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Summary: He was clever, manipulative, maybe even ingenius, but he was wrong and it cost him so much, think of how he miscalulated the situation.

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TEXT Act 1:25

INTRO: Can you really calculate the odds? Can you really know what is in your future? Can a person really implement their plans to the fullest when they don’t know the future? I submit to you that Judas was a man who thought he had life under control and he had his future going his way, but the unfortunate fact is that there is a devil loose and he also has a plan for our futures.

Judas found himself in a position where his plan was set in order.

Why would he risk such a venture? Why would he put himself in such a place where he could be found in such compromise, where he could be put into a place of opposite sides of Christ.

On this point I must agree with Jesse duplantis. Miscalculation: Judas knew that Jesus was the Christ. I will get back to this.

I. JUDAS BEFORE CHRIST- Very little is said about Judas before he met Christ. He was much like us not much to be said, but Jesus is the one that made the dramatic difference. His father was said to be simon of Canann, but its not conclusive. Before Christ there just wasn’t much to say.

II. JUDAS WHEN HE MET CHRIST

A.) John 13:18-30

Judas, as an apostle, was admitted to the highest privilege: he did eat bread with Christ. He was familiar with him, and favoured by him, was one of his family, one of those with whom he was intimately conversant. David saith of his treacherous friend, He did eat of my bread; but Christ, being poor, had no bread he could properly call his own. He saith, He did eat bread with me; such as he had by the kindness of his friends, that ministered to him, his disciples had their share of, Judas among the rest. Wherever he went, Judas was welcome with him, did not dine among servants, but sat at table with his Master, ate of the same dish, drank of the same cup, and in all respects fared as he fared. He ate miraculous bread with him, when the loaves were multiplied, ate the passover with him. Note, All that eat bread with Christ are not his disciples indeed. See 1 Cor 10:3-5.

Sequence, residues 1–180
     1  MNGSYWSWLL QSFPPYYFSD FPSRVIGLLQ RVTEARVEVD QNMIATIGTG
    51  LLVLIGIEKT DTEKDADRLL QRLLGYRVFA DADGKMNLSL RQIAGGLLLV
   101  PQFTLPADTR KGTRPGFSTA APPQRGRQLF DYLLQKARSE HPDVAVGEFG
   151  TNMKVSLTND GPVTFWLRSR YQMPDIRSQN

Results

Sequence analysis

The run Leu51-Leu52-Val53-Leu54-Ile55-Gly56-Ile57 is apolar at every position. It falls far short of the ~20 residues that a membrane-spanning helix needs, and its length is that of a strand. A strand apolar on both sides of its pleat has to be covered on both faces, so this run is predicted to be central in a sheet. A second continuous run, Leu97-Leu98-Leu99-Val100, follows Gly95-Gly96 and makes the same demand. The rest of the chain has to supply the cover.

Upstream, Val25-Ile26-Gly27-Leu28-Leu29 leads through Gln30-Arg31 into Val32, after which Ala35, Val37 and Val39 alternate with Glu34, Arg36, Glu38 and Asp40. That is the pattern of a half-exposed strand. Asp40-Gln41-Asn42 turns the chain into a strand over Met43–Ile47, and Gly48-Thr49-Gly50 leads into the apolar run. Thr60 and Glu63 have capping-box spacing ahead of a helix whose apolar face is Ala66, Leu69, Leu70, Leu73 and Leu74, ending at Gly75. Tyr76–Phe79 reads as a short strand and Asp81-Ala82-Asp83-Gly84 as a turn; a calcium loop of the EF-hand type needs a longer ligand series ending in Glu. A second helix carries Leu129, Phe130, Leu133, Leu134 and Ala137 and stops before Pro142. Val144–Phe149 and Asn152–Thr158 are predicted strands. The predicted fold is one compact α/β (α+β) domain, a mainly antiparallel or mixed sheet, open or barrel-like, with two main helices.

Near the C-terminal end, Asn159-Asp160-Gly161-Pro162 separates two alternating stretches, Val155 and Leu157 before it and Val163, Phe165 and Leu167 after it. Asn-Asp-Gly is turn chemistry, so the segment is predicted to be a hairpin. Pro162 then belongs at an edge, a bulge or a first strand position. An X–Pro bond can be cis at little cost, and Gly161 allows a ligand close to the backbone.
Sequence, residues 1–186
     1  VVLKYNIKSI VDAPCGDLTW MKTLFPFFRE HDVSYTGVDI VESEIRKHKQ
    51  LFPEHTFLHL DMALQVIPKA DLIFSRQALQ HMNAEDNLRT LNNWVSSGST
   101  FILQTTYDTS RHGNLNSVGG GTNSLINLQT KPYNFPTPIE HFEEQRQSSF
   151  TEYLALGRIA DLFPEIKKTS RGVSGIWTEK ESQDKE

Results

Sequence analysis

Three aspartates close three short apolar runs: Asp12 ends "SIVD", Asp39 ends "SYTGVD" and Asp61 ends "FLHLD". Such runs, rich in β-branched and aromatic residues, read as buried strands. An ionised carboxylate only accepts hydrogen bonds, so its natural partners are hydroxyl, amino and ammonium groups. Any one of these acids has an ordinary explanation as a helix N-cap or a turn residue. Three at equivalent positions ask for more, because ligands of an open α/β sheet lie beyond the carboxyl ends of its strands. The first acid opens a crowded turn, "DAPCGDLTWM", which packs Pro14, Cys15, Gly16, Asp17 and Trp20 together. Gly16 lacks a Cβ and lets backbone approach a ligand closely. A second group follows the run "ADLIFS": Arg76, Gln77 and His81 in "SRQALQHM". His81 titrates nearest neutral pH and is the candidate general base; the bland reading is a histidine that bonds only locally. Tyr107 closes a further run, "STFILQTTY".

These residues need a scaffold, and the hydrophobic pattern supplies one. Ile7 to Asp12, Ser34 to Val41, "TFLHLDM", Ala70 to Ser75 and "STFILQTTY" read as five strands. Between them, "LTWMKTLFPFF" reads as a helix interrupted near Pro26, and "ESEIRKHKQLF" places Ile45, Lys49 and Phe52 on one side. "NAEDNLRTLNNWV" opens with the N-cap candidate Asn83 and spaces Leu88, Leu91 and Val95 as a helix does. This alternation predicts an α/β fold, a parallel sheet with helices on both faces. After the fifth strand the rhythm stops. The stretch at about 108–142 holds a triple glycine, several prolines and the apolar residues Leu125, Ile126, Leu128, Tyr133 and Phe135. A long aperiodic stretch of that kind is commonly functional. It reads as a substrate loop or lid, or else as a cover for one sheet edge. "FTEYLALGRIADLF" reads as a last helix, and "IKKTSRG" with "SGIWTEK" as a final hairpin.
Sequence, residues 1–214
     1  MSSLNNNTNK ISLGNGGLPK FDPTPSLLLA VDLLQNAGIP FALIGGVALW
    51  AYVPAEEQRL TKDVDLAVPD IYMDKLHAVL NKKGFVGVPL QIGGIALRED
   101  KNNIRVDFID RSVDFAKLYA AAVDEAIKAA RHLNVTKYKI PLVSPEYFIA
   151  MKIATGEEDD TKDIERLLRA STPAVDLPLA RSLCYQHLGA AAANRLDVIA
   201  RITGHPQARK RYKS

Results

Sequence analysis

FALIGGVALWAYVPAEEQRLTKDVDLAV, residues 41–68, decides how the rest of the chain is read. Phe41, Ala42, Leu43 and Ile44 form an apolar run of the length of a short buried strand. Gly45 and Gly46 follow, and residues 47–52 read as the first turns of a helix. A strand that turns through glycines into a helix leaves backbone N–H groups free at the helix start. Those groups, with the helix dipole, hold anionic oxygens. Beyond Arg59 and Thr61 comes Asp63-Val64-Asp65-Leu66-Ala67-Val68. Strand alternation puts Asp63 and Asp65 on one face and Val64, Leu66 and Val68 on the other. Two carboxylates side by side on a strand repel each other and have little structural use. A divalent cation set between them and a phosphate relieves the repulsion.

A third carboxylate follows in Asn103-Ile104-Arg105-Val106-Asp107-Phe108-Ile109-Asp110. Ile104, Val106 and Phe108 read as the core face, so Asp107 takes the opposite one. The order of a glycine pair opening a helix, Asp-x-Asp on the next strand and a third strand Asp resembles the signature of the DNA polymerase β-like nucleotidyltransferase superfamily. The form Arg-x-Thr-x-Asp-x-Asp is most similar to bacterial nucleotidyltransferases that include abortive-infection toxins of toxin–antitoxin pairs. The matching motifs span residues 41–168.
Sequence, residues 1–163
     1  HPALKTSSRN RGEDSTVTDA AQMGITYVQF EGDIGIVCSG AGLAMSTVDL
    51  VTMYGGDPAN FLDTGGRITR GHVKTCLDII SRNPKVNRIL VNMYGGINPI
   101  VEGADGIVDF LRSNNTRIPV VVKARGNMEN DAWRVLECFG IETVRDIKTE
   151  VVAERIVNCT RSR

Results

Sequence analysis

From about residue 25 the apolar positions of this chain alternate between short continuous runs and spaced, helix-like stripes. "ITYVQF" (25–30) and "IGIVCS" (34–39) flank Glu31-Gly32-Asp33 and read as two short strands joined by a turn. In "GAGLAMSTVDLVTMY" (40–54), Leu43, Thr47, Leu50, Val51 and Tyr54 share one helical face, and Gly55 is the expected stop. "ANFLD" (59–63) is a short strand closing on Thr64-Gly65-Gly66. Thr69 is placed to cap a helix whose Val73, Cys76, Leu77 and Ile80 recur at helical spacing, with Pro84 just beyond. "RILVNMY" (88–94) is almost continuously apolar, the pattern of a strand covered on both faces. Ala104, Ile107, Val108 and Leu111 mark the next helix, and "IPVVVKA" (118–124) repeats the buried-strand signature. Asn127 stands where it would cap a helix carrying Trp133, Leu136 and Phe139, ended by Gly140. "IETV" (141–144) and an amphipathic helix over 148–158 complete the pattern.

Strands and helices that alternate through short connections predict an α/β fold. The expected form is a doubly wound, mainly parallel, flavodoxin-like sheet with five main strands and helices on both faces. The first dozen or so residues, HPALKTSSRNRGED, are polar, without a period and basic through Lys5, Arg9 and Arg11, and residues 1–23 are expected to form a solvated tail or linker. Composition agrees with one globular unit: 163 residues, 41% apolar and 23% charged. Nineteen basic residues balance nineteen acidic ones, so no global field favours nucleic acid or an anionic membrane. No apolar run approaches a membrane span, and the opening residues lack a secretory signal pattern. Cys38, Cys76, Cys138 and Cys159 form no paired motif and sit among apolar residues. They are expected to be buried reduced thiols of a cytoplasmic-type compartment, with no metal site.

(2.) Judas, as an apostate, was guilty of the basest treachery: he lifted up the heel against Christ.

(from Matthew Henry’s Commentary on the Whole Bible

III. JUDAS AFTER HIS BETRAYAL

A. The Miscalculation:

1. Judas was the man who handled the treasury. He had tendency to think of money more than he should have. When Mary broke the alabaster box and poured out the ointment upon Jesus, she gave her best to the Lord but Judas gave a complaint stating that this could have been sold for three hundred pence.

2. I suspect that for his own purpose he began to take money out of the till. He needed to replace it. Why do I say that, because when people do major trangressions there is usually a motive behind it. It is an act of desperation to settle an issue.

a. Judas knew that Jesus Christ was the King of glory and that he could easily handle himself; he knew that he could stop the sun and the moon if necessary. He had seen him heal the blind, raise the dead, cast out legion; he knew Christ could take care of himself.

b. But Judas didn’t calculate the plan of God instead of his own plan so when he betrayed Jesus for 30 pieces of silver, I submit that he felt he had the money he needed, and now the situation would be up to Jesus. He calculated that Jesus would deal with the confrontation or he would simply disappear, or perform some great miracle and dazzle them and he would go his way. Proverbs 16:25 states there is a way that seemeth right unto a man but the ends there of are the ways of death. Judas made a severe miscalculation and it cost him severly.


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